The menace of “peace” 0

In the vocabulary of the militant international Left, the word “peace” is a code word for “pro-tyranny” and “anti-freedom”.

This comes from a must-read article, titled The Peace Racket, by Bruce Bawer in City Journal (reprinted in the current issue from Summer 2007):

We need to make two points about this movement at the outset. First, it’s opposed to every value that the West stands for—liberty, free markets, individualism—and it despises America, the supreme symbol and defender of those values. Second, we’re talking not about a bunch of naive Quakers but about a movement of savvy, ambitious professionals that is already comfortably ensconced at the United Nations, in the European Union, and in many nongovernmental organizations. It is also waging an aggressive, under-the-media-radar campaign for a cabinet-level Peace Department in the United States. Sponsored by Ohio Democratic congressman Dennis Kucinich (along with more than 60 cosponsors), House Resolution 808 would authorize a Secretary of Peace to “establish a Peace Academy,” “develop a peace education curriculum” for elementary and secondary schools, and provide “grants for peace studies departments” at campuses around the country. If passed, the measure would catapult the peace studies movement into a position of extraordinary national, even international, influence.

The Peace Racket’s boundaries aren’t easy to define. It embraces scores of “peace institutes” and “peace centers” in the U.S. and Europe, plus several hundred university peace studies programs. …

At the movement’s heart … are programs whose purported emphasis is on international relations. Their founding father is a 77-year-old Norwegian professor, Johan Galtung, who established the International Peace Research Institute in 1959 and the Journal of Peace Research five years later. Invariably portrayed in the media as a charismatic and (these days) grandfatherly champion of decency, Galtung is in fact a lifelong enemy of freedom. In 1973, he thundered that “our time’s grotesque reality” was—no, not the Gulag or the Cultural Revolution, but rather the West’s “structural fascism.” He’s called America a “killer country,” accused it of “neo-fascist state terrorism,” and gleefully prophesied that it will soon follow Britain “into the graveyard of empires.” …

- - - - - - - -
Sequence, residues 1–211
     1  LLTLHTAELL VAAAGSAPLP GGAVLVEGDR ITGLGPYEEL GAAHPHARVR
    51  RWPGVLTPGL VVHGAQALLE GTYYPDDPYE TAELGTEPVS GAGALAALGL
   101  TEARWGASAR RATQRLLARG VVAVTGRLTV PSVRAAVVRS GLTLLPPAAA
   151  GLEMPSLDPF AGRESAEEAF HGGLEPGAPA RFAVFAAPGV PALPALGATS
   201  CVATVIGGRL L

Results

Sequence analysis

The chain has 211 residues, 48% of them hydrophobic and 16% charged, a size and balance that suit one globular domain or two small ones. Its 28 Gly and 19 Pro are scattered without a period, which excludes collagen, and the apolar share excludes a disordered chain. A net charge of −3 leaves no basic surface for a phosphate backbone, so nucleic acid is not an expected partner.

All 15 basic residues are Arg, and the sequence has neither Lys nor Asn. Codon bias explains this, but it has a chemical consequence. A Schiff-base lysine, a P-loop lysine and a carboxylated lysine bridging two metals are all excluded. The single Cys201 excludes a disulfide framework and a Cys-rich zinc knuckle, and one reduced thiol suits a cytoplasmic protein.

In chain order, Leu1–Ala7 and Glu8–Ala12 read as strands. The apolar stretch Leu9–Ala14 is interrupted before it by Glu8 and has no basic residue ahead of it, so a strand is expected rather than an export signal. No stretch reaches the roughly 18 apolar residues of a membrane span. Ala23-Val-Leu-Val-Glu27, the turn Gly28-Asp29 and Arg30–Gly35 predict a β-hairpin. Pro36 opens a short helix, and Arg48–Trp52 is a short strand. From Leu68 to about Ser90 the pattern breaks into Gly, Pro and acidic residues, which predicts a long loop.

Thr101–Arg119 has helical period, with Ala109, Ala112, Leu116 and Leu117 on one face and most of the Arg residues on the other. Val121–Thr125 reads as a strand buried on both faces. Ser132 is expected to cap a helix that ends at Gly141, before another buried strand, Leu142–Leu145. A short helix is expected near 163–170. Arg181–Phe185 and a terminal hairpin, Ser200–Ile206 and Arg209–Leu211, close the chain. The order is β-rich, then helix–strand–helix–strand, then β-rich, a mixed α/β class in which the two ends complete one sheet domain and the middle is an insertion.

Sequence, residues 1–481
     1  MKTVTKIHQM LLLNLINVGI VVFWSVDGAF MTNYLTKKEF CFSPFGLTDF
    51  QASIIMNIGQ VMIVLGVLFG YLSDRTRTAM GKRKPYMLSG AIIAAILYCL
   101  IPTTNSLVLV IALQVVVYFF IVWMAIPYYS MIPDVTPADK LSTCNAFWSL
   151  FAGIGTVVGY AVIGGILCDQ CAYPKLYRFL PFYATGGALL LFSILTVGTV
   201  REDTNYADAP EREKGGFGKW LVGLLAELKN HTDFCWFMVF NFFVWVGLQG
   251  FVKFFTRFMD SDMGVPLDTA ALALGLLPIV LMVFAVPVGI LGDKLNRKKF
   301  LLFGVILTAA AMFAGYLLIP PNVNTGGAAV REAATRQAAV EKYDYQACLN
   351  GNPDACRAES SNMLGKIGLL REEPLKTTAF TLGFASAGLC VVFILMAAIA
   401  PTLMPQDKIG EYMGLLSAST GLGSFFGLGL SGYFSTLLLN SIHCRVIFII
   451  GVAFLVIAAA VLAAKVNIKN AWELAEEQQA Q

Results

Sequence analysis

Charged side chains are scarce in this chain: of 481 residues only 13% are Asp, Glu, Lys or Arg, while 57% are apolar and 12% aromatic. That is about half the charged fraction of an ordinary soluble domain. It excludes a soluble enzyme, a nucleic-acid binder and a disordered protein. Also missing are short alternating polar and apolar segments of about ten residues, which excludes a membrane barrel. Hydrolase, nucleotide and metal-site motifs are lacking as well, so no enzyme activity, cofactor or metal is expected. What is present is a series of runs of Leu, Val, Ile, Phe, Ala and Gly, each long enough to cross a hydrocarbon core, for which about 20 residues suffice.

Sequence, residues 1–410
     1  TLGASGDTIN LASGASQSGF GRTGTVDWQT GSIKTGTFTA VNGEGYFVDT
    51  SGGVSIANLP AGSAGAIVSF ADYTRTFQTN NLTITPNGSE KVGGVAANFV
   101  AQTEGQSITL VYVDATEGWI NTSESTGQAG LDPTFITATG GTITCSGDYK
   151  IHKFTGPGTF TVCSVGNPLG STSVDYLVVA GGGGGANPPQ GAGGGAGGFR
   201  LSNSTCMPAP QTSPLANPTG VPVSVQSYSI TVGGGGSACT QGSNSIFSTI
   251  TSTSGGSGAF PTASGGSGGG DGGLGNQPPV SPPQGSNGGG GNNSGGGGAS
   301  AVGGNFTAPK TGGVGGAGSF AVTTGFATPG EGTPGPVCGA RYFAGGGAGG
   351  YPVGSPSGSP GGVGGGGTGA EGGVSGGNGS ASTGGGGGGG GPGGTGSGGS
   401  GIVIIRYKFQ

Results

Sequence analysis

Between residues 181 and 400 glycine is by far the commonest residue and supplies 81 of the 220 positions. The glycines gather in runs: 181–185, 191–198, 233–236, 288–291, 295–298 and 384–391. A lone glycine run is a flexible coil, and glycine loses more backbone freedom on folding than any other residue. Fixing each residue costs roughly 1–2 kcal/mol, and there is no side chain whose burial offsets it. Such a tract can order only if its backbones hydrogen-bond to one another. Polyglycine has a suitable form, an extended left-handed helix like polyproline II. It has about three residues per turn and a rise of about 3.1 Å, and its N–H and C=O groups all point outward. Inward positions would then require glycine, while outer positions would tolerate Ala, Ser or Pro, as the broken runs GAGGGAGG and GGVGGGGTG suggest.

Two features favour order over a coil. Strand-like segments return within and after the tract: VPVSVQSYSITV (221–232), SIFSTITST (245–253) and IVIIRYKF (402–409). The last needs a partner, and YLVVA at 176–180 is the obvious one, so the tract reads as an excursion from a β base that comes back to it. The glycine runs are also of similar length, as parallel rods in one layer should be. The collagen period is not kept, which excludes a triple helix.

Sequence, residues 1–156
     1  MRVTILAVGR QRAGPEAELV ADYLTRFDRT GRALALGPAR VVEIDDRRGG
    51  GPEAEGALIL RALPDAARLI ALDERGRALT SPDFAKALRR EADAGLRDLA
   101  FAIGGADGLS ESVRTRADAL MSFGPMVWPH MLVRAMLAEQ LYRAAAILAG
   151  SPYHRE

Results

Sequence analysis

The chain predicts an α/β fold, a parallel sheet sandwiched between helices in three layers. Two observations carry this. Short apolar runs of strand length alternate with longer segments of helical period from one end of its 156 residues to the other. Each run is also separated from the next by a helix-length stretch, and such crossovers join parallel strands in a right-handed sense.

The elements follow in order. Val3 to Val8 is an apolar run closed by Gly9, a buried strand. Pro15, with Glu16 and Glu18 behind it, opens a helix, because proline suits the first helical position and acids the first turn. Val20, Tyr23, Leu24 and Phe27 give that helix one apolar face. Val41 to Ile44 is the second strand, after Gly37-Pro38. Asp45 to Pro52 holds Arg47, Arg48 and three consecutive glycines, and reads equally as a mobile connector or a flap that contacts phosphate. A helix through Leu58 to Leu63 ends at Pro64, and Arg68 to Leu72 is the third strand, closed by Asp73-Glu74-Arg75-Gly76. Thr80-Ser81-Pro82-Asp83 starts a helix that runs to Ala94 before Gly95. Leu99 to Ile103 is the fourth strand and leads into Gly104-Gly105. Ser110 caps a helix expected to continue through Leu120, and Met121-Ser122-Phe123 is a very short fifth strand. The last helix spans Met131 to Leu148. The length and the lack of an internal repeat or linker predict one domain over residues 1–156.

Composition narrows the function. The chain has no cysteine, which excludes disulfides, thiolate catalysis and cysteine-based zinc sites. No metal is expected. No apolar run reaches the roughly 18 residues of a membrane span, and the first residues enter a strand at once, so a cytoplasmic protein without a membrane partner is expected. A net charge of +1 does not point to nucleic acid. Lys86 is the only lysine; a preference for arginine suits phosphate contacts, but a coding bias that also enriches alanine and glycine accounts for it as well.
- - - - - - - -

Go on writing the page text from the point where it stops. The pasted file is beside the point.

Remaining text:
Fittingly, he urged Hungarians not to resist the Soviet Army in 1956, and his views on World War II suggest that he’d have preferred it if the Allies had allowed Hitler to finish off the Jews and invade Britain.

Though Galtung has opined that the annihilation of Washington, D.C., would be a fair punishment for America’s arrogant view of itself as “a model for everyone else,” he’s long held up certain countries as worthy of emulation—among them Stalin’s USSR, whose economy, he predicted in 1953, would soon overtake the West’s. He’s also a fan of Castro’s Cuba, which he praised in 1972 for “break[ing] free of imperialism’s iron grip.” …

His all-time favorite nation? China during the Cultural Revolution. Visiting his Xanadu, Galtung concluded that the Chinese loved life under Mao: after all, they were all “nice and smiling.” While “repressive in a certain liberal sense,” he wrote, Mao’s China was “endlessly liberating when seen from many other perspectives that liberal theory has never understood.” Why, China showed that “the whole theory about what an ‘open society’ is must be rewritten, probably also the theory of ‘democracy’—and it will take a long time before the West will be willing to view China as a master teacher in such subjects.”  [See our post, Mao in the White House, October 15, 2009, for glimpses of what Mao’s China was really like.]  …

Galtung’s use of the word “peace” to legitimize totalitarianism is an old Communist tradition.